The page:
Chemotherapy is administrated at highly variable rates in different histological types of appendiceal cancer. Efficacy of chemotherapy in the treatment of these cancers has been improved in recent years and is significantly associated with better survival for patients with NMAC, MAC, and SRCC. Adequate lymph node sampling may result in a survival benefit for most of these patients.
Appendiceal cancer is a rare and highly heterogeneous malignancy and its incidence is on the rise . This cancer includes a wide spectrum of histological types including: mucinous adenocarcinoma (MAC), non-mucinous adenocarcinoma (NMAC), signet-ring cell adenocarcinomas (SRCC), mixed neuroendocrine non-neuroendocrine neoplasms (MiNENs), goblet cell carcinoid (GCC) neuroendocrine tumors (NETs), neuroendocrine carcinomas (NECs), and others . These histological types display dramatically different biological phenotypes and indicate different prognoses [2, 3].
Though surgery is the first option in the treatment of appendiceal cancer, chemotherapy has been applied using a protocol similar to that used to treat colorectal cancer [3, 4]. The rarity and high heterogeneity make it difficult to examine the effect of chemotherapy in treatment of appendiceal cancer in systematic studies [5, 6]. Most previous studies had a limited sample size from a single institution, and only included certain histological types [7,8,9,10]. The effect of chemotherapy in some histological types is not well understood. In addition, it is unknown whether chemotherapy has had an improved effect in recent years.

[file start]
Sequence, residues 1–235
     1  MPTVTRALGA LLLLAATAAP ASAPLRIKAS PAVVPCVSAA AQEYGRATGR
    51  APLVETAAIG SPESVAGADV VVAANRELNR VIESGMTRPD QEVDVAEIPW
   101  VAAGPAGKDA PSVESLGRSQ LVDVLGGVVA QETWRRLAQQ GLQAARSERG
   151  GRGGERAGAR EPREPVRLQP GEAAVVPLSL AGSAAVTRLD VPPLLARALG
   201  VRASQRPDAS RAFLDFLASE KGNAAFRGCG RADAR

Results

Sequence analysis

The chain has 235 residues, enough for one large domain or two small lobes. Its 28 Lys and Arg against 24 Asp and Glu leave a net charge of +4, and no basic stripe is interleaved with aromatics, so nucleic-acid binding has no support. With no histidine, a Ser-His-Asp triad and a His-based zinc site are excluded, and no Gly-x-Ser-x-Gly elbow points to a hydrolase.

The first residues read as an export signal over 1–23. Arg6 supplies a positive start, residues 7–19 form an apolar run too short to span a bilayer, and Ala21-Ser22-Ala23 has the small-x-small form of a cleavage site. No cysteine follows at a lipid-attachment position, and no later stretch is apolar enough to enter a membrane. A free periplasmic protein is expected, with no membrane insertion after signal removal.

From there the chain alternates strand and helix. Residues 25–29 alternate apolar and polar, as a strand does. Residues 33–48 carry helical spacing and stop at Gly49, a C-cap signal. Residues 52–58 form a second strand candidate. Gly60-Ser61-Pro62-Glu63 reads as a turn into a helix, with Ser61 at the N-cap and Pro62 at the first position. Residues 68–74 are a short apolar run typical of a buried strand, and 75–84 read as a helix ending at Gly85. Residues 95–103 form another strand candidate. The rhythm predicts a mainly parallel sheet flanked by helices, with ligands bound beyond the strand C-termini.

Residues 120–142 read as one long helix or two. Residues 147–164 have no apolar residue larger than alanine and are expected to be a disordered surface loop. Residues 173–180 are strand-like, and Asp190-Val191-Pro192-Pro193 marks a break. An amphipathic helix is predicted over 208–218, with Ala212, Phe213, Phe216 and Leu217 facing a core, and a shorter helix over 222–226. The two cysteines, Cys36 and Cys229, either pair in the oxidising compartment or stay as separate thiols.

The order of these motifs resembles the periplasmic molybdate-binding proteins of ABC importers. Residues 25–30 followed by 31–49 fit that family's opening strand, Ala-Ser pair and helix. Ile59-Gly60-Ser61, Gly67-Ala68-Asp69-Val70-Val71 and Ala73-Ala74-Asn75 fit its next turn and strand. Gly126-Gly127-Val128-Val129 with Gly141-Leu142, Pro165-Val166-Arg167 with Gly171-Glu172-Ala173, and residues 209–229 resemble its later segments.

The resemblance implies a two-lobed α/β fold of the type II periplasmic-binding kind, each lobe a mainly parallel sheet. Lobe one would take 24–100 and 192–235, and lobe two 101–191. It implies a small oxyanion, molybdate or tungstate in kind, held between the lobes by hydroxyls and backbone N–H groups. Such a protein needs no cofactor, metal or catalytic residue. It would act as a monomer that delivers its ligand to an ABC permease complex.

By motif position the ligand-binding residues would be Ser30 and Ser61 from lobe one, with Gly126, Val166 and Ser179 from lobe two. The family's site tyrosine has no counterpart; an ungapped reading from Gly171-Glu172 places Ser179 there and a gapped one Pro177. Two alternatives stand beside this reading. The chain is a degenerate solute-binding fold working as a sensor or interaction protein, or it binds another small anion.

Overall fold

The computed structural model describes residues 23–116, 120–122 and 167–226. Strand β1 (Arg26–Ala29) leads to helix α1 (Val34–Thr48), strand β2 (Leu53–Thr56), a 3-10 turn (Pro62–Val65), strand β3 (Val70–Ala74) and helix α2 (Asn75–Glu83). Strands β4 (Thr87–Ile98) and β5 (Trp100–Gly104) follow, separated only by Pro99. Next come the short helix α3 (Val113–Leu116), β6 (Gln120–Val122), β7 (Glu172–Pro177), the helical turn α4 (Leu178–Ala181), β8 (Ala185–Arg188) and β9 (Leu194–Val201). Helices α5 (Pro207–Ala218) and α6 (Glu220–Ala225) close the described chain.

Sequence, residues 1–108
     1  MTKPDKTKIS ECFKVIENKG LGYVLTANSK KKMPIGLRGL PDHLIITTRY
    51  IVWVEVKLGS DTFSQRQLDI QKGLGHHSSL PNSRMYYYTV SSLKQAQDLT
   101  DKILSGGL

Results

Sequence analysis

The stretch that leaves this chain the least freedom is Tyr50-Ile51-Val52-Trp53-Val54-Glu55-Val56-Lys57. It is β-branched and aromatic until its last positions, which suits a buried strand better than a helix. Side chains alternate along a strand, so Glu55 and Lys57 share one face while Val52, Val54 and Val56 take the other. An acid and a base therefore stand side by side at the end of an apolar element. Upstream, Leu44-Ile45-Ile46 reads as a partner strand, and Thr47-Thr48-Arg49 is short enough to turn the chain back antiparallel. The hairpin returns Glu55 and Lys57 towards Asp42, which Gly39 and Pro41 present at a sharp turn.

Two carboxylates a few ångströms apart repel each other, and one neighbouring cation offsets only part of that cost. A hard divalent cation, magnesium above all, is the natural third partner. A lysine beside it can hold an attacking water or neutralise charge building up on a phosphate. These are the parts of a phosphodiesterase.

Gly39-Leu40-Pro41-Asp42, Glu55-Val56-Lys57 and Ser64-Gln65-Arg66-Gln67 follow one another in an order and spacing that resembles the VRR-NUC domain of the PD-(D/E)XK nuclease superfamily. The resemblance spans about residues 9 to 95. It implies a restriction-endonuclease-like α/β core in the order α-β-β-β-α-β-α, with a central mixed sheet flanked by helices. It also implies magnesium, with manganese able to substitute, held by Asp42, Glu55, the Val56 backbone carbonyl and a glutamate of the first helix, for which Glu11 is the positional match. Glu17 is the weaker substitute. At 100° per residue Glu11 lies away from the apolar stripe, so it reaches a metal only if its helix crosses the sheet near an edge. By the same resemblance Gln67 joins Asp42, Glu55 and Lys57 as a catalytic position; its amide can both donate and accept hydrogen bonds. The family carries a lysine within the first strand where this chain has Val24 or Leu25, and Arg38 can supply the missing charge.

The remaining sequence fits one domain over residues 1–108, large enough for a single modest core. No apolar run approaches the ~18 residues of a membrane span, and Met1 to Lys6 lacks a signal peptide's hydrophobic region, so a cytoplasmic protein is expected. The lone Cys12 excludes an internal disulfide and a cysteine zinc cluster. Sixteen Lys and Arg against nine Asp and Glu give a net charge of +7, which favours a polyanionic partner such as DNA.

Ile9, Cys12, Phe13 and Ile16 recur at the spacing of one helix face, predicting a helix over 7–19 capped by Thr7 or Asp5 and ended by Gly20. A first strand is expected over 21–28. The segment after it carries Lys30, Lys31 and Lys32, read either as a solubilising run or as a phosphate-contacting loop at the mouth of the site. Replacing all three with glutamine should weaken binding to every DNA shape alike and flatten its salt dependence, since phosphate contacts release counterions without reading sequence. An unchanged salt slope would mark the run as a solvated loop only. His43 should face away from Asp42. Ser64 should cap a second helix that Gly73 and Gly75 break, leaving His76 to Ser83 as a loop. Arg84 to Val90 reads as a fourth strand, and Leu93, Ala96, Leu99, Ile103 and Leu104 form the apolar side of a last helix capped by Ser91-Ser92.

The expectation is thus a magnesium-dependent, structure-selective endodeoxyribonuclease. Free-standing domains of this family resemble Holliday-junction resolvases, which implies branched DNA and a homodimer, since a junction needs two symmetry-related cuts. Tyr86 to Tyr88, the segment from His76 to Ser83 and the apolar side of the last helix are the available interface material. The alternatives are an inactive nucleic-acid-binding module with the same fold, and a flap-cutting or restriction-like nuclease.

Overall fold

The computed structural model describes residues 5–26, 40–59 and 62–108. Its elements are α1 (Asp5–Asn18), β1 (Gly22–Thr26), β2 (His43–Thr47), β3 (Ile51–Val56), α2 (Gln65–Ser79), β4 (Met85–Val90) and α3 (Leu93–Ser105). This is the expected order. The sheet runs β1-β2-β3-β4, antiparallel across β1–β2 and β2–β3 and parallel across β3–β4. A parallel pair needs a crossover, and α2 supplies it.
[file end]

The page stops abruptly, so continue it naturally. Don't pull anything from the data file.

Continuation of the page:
Using the Surveillance, Epidemiology, and End Results (SEER) database, this study sought to determine the status of chemotherapy as a treatment of the different histological types of appendiceal cancer. Based on cancer-specific and overall survival outcomes, we will further determine which histological types were responsive to chemotherapy. As there are currently no standard guidelines for chemotherapy in the treatment of appendiceal cancer, the findings of this study may aid in improving the management and survival of appendiceal cancer patients.
Patients and methods